Wilson realised that existential criticism constituted a revolt against prevailing values, or the lack of them, but that the existential critic possessed a standard bigger than himself, or any individual author, which was capable of revealing the ideal aim of all art.
Thus he goes further (in The Books in my Life) to assert that the purpose of all literature is ‘to become so absorbed in an imaginary world that we become suddenly aware that in the battle between the world and the mind, it is the mind that is destined to win’
And this brings me to the second salient point. You’ll not find existential criticism in any textbook of literary theory or manual of literary criticism, doubtless because it did not originate in academia, although this in no way diminishes its relevance.
Tsunami of theory
As I have written elsewhere (see link to review, above), it is ironic that Wilson, who was one of the first critics in the twentieth century, in the English-speaking world, candidly to spell out a literary theory, should have been eclipsed by the tsunami of theory from the 1960s which failed utterly to acknowledge his work.
The third point which impresses – although its implications for today are harder to quantify – arises from the concluding essay in Eagles & Earwigs, ‘Personal: Influences on my writing’, dated 1958, where Wilson, in the final sentence, remarks upon ‘the tradition of an intellectual creation’ in literature.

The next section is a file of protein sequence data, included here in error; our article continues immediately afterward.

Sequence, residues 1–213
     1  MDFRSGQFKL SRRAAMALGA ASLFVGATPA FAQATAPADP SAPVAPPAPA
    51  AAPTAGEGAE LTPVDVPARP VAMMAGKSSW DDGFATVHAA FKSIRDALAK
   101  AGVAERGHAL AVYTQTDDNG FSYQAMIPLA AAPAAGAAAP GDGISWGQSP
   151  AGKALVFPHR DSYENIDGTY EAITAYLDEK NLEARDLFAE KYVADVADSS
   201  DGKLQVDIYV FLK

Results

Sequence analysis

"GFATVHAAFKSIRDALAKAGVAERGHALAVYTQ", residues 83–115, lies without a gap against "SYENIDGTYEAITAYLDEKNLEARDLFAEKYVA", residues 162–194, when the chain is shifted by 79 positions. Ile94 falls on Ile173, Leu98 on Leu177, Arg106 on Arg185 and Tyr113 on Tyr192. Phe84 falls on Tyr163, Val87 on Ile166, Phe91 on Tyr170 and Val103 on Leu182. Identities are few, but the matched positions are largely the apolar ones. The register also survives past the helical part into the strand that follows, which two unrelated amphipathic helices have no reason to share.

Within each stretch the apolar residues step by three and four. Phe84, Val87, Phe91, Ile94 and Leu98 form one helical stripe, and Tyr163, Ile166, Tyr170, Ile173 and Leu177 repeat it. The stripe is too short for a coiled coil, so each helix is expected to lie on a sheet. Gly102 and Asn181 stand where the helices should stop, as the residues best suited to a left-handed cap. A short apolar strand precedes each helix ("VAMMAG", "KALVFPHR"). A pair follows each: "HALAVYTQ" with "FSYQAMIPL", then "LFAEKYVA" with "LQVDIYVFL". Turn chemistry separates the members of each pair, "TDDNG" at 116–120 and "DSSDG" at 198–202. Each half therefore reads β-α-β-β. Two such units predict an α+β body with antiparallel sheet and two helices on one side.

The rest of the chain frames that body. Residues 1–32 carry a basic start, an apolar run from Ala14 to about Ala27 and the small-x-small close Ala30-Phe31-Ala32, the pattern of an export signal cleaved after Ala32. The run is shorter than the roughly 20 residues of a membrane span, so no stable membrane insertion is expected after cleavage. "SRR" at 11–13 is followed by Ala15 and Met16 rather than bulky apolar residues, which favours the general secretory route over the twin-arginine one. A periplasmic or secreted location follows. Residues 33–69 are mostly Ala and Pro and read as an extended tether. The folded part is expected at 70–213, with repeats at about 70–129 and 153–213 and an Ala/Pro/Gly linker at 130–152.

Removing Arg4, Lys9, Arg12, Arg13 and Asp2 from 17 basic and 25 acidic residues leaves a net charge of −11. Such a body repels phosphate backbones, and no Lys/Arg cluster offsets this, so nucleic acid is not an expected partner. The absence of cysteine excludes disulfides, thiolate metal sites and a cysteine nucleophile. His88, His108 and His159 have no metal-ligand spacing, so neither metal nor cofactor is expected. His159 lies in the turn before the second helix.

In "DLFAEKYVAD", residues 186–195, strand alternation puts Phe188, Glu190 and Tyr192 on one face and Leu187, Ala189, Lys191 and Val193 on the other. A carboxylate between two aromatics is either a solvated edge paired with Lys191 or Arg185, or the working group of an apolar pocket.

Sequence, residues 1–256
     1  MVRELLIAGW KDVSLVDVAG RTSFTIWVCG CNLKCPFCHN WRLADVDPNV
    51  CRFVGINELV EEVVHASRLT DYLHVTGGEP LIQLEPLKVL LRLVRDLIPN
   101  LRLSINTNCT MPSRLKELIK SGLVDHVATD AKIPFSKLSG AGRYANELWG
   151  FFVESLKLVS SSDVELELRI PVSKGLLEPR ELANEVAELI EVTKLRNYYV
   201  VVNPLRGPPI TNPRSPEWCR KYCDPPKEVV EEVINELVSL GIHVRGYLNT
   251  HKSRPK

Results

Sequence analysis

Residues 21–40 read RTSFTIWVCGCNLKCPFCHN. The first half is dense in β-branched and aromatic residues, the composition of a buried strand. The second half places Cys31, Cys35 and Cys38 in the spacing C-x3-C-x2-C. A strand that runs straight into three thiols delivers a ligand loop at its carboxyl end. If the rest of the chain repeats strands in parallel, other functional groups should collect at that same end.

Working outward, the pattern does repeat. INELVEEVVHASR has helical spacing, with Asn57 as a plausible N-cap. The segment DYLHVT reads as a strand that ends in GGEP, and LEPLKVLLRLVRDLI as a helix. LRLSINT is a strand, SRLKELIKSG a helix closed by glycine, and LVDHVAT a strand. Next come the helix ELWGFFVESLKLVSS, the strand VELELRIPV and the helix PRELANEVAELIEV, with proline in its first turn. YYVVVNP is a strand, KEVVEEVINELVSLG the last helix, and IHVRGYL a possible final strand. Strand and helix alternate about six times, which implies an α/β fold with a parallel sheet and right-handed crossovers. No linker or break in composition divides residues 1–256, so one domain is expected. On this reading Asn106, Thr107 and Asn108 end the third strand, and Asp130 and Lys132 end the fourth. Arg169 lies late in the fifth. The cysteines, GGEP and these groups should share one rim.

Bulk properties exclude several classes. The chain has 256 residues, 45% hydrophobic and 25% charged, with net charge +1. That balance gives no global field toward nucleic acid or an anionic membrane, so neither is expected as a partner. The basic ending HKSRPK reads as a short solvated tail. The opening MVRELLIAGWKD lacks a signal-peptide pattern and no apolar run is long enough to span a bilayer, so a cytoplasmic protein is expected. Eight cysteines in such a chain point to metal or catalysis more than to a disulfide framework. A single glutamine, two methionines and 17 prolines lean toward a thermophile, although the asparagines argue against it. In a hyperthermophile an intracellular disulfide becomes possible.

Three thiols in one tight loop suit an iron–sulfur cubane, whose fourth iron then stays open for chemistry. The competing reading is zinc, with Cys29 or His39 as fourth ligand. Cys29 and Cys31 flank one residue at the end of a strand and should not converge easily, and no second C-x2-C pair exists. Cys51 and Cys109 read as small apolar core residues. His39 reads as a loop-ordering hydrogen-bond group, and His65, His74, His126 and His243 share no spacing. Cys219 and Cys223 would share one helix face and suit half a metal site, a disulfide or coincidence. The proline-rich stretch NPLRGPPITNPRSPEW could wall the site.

He writes that this tradition, begun by T S Eliot (whom Wilson regarded as a failed existential critic), was being continued by the Swiss novelist and dramatist Friedrich Dürrenmatt (1921-1990) ‘with its roots in analysis, and its eventual aim to be a new form of self-consciousness’.
Wilson, in the early 1960s, saw Dürrenmatt as ‘the heir of the existentialist tradition’ stretching in literature from Goethe to Sartre, as he wrote in The Strength to Dream (1962), and how Dürrenmatt’s work was in ‘revolt against the makeshift standards of the modern world’. Dürrenmatt used ‘all the traditional analyses of existentialism, the concept of an inauthentic existence, human self-deception, etc‘, yet with an ‘instinctive, mystical optimism’ – he was a creator of positive values.
So if by ‘new form of self-consciousness’ Wilson meant awareness in literature of those attributes quoted in the preceding paragraph – a phlegmatic appraisal by writers of the capacity of the inner life to raise awareness of positive human potential – then one feels, regrettably, that he was being over-optimistic.
As Wilson says, any attempt to impose a scheme of values in literature at least would have the virtue of forcing its opponents (or indeed, writers and critics in an encounter with existential criticism for the first time) to scrutinise their own values.
Such salutary scrutiny, as a step towards the existential position, is as much needed today as it was more than half a century ago, if not more so.